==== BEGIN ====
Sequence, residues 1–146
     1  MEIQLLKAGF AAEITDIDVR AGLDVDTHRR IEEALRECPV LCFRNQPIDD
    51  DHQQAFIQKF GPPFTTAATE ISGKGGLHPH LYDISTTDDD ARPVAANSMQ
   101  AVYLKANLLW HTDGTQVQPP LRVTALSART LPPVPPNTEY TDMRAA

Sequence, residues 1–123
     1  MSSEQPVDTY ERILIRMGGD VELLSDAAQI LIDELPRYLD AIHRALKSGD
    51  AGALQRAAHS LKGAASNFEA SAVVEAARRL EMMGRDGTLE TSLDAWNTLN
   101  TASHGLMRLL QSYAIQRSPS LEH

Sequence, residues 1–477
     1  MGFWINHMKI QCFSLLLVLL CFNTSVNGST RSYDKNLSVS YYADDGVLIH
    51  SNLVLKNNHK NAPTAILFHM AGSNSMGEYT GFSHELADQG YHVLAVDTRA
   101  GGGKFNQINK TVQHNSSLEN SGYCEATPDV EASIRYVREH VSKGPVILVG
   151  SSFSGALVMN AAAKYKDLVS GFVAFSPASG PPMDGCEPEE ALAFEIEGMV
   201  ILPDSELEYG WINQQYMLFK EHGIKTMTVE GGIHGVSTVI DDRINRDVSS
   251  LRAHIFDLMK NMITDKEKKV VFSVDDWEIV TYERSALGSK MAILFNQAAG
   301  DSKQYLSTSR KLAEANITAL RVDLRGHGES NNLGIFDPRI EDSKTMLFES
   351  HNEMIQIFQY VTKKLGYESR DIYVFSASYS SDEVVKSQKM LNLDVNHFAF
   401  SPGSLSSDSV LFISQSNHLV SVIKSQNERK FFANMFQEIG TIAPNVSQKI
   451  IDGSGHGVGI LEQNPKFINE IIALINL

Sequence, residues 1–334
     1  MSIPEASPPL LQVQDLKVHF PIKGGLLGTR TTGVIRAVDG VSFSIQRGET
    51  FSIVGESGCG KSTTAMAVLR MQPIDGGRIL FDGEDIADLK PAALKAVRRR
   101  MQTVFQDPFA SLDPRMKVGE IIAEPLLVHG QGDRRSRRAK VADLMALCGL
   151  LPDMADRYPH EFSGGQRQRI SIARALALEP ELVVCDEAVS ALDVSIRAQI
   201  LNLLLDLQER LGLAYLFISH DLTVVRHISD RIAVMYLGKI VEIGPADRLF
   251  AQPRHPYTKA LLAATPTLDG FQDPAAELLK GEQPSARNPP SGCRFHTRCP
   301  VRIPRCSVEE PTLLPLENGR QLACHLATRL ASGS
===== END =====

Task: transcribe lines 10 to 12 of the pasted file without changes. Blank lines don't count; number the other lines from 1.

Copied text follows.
     1  MGFWINHMKI QCFSLLLVLL CFNTSVNGST RSYDKNLSVS YYADDGVLIH
    51  SNLVLKNNHK NAPTAILFHM AGSNSMGEYT GFSHELADQG YHVLAVDTRA
   101  GGGKFNQINK TVQHNSSLEN SGYCEATPDV EASIRYVREH VSKGPVILVG